Monday, 26 October 2015

The Career Prospects of the Twenty First Century Nigerian Legal Practitioner.



The given topic comprises of rather general terms which, I perceive, collaboratively tackles the theme: The Survival of the Modern Nigerian Lawyer in a world getting faster and faster.
 Globally, the twenty first century is characterised by spontaneity, change, speed, increased efficiency and effectiveness, development, serendipity, novelty, freshness....These have saturated almost every human concern. Also in this light, the world has witnessed a rather interesting stretch in the scope of tasks that are well within the career prospects or can be part of the job description of the twenty first century lawyer. Fortunately, this diversification equally applies to the twenty first century Nigerian lawyer.
Photo from the movie 'The Great Debaters'
Before this flash age, lawyers merely played the roles of litigators and intermediaries between the state and society, as advocates, advisers, solicitors, teachers and custodians of the law. This is more so the case as they focused primarily on the ‘practice of law’- litigation. However, the late Larry E. Ridstein in his paper ‘Practising Theory: Legal Education for the Twenty First Century’ speculated that in the twenty first century lawyers may fill five new roles.[1]
Photo from the movie 'The Great Debaters.'
These five specified roles were those of: Collaborator(carrying out transactional work alongside professionals from other fields  in multidisciplinary establishments instead of just purely legal ones); Manufacturer (developing and producing off-the-shelf, brilliant solutions for as wide a market as possible as opposed to only drafting and interpreting documents for his/her clients); Law Maker (managing and overseeing the enactment of new regulations such as in the course of the mediation process); Information Engineer ( as an information broker; using  the increasing ability to make more accurate predictions of legal results; the use of computers in predictive and data analysis; creation and maintenance of legal software); Capitalist (making money from being able to play a support role in the research and evaluation of the probability and values of legal cases). Fortunately, most of these- and much more- are already in play. Interestingly, this does not mean that the modern legal practitioner has to abandon his/her regular tasks as these additions fortify his capability to be more efficient and effectiveness in his/her delivery.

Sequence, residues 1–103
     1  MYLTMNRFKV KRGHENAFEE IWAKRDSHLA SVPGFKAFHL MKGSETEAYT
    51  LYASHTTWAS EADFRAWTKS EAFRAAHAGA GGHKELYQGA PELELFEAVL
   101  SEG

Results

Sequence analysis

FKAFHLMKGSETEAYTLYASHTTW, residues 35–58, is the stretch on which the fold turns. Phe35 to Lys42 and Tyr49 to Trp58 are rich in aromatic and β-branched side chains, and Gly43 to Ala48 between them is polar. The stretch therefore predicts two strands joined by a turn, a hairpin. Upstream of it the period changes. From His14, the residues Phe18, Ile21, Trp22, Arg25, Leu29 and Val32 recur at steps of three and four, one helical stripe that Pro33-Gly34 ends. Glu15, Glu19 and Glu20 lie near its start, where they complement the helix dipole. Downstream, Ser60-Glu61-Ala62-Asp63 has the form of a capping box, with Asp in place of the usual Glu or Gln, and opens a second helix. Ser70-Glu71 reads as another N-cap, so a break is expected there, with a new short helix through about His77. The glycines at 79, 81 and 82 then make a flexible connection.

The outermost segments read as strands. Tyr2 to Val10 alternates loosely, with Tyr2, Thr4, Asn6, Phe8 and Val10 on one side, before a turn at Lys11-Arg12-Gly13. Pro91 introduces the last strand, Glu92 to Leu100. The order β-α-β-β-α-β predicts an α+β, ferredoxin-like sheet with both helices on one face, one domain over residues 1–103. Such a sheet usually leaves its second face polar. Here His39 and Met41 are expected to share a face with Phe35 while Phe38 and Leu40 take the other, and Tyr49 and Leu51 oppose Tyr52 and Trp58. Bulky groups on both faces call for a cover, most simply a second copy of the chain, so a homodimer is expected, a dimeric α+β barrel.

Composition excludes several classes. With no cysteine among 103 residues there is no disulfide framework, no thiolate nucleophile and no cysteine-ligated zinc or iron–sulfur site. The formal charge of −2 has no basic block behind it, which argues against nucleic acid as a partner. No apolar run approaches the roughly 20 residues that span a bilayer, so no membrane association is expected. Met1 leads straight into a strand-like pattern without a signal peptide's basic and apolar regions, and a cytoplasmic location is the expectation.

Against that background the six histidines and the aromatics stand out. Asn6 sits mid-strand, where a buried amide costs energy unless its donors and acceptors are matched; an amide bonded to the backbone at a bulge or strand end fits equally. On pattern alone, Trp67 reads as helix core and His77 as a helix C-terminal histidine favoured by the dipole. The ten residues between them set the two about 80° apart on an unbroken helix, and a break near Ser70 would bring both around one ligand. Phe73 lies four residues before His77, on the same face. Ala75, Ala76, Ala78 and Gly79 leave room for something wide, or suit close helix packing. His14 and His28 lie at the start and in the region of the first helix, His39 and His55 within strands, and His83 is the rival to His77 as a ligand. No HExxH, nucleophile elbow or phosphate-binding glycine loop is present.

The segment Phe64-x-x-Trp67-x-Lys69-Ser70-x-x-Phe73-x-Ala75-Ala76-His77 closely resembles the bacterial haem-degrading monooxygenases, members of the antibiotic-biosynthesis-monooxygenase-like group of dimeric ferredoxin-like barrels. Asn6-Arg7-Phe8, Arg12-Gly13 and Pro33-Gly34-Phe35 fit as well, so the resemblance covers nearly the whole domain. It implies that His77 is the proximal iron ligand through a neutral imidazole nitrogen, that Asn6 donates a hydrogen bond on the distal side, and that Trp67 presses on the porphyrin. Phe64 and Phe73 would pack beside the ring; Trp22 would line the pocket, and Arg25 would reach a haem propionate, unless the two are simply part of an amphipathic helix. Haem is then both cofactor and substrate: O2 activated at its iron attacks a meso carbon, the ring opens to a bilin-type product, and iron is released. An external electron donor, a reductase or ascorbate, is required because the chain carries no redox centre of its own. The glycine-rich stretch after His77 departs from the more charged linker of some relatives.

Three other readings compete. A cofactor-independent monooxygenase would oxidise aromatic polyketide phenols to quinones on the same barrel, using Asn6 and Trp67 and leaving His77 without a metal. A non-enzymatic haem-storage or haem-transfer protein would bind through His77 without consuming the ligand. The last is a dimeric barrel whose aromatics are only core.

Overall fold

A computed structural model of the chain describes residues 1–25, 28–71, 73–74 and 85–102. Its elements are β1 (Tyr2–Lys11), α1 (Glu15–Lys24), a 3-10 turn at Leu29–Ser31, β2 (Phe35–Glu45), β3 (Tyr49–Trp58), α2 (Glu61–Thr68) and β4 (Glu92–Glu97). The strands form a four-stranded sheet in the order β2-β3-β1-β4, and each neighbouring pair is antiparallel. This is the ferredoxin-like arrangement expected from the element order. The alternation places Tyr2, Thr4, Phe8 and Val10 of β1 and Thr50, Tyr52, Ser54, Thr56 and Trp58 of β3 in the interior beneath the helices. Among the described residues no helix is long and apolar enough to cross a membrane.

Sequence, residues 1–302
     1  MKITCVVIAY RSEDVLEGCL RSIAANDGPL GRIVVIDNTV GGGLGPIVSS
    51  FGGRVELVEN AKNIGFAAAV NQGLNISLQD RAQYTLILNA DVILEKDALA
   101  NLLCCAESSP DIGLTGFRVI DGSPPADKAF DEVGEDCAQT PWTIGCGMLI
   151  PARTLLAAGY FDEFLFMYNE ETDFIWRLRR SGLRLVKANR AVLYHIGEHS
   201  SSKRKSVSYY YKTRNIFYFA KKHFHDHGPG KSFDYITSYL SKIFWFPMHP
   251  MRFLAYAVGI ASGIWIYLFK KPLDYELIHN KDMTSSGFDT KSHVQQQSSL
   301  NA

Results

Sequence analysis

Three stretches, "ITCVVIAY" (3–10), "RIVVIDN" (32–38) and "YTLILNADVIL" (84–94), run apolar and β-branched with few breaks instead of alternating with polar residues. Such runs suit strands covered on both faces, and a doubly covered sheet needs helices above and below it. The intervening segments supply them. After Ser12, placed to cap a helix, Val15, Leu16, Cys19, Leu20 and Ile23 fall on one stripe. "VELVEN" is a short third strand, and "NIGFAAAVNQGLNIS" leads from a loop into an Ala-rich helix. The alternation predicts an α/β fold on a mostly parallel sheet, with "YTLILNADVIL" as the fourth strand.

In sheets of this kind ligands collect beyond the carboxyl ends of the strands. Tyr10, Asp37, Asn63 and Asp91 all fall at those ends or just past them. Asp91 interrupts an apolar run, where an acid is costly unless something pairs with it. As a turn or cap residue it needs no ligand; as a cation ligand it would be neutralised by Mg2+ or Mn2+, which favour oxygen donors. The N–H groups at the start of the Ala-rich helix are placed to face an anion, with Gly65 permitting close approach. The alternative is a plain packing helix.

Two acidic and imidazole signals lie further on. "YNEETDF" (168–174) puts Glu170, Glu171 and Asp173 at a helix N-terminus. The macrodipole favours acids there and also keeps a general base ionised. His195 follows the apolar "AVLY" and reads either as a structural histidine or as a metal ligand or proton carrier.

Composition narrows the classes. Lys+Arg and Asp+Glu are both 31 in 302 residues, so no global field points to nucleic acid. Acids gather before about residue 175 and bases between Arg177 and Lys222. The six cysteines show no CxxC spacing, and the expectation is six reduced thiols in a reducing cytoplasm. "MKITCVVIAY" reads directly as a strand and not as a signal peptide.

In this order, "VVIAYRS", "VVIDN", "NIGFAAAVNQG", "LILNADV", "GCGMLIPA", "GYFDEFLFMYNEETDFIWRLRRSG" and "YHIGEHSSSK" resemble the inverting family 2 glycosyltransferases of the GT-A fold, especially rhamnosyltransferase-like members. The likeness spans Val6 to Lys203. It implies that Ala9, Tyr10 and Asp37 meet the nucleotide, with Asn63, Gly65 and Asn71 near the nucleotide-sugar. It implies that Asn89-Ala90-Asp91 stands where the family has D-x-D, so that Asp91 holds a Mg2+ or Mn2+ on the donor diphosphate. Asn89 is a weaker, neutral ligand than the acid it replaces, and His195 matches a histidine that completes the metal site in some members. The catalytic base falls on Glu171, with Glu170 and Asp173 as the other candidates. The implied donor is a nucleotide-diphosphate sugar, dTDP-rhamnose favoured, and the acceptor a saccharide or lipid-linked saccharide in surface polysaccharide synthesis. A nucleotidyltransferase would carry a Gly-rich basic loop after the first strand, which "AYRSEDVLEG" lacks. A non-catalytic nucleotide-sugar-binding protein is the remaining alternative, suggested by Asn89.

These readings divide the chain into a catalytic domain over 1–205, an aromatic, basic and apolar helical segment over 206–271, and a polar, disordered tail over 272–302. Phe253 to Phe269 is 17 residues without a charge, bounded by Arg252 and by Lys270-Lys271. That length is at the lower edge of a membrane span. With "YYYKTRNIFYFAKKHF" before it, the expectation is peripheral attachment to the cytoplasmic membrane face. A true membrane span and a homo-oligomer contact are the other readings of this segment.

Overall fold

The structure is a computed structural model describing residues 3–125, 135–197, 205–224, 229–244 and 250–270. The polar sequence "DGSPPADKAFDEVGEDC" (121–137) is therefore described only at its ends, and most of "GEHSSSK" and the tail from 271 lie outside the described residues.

However, increasingly, in the twenty first century, some lawyers are moving out of law firms and court rooms into new legal practice settings as leaders in government and actors in political scenes. They are also moving into quasi-legal roles in lucrative part-legal and part-business ventures such as freelance research and journalism by way of putting up their well researched articles in the regular print media, online media and even for publications at international conferences. It is pertinent to note here that the litigation license obtained at the Law School is not as important as the solid background of good legal training- undergraduate, post graduate and personal studies.[2]
Consequently, in today’s Nigeria, there are so many legit paying ventures that the Nigerian lawyers can participate in within Nigeria and internationally, within the scope of the legal profession- especially as it is now strapped around the growing interest and need for computer literacy; internet compatibility; speed and creativity.
As a legal practitioner in the twenty first century, the first points of call as regards career prospects is serendipity, openness, respect out of courtesy- instead of an unwise over reliance- for vintage solutions.  By this, I refer to a constant appreciation and articulation of the evolving society- and the world at large- in order to always be in the know of the needs of the current age and the legal- and professional-solutions that are needed – and more in demand.